Fig. 30. How To Prune Pegged-Down Roses. Long Pruning

E, maiden, planted and cut down: k, point of shortening to the ground in the spring after planting; l, vigorous growths developing in summer.

F, two years old plant which has not produced strong and long shoots for pegging down in the first season: m, points of cutting close in so as to induce vigorous shoots to push in the following summer; n, shoots developing as a result of cutting back to two buds.

G, three years old plant (F a year older) with shoots pegged down and young growths developing from their base: o, strong and long shoots of the previous year shortened and pegged down; p, vigorous growths issuing from their base.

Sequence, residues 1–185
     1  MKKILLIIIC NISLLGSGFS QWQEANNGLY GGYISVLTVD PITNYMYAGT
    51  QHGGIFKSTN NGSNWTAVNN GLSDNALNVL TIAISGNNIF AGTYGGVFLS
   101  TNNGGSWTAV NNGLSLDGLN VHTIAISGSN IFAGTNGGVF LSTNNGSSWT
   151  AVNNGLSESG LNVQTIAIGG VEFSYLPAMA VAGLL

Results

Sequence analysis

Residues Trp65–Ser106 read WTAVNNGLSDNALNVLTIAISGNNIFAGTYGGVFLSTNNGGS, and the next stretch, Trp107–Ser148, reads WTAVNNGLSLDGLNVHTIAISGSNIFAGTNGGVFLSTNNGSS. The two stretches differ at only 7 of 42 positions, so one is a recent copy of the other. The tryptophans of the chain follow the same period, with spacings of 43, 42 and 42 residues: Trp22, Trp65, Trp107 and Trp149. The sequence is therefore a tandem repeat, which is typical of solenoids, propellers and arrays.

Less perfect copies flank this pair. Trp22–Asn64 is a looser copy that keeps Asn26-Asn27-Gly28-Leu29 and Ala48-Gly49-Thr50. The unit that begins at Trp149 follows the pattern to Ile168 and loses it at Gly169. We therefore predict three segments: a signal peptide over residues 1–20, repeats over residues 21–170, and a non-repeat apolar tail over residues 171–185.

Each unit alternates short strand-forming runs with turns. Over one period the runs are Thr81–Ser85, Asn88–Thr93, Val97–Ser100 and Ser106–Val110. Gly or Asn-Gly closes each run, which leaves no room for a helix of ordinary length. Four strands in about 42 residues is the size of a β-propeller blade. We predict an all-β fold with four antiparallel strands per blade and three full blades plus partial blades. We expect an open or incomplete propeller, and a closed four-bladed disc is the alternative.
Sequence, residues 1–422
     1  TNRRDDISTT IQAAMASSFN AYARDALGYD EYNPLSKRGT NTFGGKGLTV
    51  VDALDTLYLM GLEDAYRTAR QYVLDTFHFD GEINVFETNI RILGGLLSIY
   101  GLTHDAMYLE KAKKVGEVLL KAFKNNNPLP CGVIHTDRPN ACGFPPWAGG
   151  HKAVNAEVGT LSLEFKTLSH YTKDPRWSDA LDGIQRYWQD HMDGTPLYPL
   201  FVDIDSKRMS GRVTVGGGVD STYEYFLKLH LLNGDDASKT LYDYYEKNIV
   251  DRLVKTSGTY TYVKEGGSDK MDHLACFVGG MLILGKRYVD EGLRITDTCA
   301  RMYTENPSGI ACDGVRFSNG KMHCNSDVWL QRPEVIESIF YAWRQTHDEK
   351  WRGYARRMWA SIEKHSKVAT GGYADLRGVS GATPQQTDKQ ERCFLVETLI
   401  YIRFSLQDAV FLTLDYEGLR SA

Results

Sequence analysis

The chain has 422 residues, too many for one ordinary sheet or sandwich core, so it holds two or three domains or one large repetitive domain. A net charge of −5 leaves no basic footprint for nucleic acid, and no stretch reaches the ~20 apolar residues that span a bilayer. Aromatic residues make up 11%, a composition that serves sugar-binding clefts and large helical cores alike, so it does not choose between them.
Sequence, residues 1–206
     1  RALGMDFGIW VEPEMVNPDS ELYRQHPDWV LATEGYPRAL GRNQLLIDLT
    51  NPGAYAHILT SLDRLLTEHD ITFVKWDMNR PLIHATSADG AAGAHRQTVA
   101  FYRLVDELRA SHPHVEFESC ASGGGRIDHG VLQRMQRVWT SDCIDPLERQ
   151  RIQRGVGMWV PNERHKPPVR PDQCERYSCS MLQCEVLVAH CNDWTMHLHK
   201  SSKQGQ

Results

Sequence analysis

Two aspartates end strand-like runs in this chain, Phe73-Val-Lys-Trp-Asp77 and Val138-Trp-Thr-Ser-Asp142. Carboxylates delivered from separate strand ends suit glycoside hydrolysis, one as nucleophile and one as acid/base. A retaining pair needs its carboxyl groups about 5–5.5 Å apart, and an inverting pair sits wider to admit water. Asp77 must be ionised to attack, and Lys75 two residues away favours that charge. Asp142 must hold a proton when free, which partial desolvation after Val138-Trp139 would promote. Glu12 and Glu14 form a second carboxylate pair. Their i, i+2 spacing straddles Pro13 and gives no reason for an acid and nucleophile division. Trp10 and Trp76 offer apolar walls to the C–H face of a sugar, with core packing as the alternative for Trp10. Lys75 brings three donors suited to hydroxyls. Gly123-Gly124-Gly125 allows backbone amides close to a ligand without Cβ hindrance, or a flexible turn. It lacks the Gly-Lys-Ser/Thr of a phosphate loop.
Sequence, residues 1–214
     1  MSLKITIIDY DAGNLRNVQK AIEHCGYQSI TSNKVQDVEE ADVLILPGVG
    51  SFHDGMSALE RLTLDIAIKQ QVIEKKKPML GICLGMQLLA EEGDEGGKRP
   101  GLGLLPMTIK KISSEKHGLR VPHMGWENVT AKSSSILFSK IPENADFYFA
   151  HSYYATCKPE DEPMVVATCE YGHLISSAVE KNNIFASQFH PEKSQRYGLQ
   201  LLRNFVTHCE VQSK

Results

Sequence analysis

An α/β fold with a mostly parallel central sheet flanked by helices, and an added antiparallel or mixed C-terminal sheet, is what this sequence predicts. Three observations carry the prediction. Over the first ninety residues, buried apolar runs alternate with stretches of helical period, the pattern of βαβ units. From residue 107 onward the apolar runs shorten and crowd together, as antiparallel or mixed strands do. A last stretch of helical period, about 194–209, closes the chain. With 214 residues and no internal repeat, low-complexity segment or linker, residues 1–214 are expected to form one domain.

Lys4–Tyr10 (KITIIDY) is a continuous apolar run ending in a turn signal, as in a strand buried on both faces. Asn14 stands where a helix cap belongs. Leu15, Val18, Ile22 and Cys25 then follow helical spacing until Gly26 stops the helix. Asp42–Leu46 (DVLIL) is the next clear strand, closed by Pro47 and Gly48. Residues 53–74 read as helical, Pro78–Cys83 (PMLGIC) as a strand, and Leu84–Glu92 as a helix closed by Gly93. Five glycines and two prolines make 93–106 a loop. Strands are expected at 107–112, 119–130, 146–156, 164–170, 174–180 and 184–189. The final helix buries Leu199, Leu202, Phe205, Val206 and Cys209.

H, a pegged-down, long-pruned Rose showing that the object is to cover the space evenly with vigorous flowering growths: q, continuation shoots; r, growths left long for filling up space; s, shoots spur pruned because space does not permit of long pruning being adopted in their case.

I, a fully formed, long-pruned, pegged-down Rose after pruning: t, main branches; u, subsidiary branches left at the previous pruning to fill up the space; v, basal growths always reserved so that a worn-out branch can be cut clean out and replaced by a young, vigorous shoot.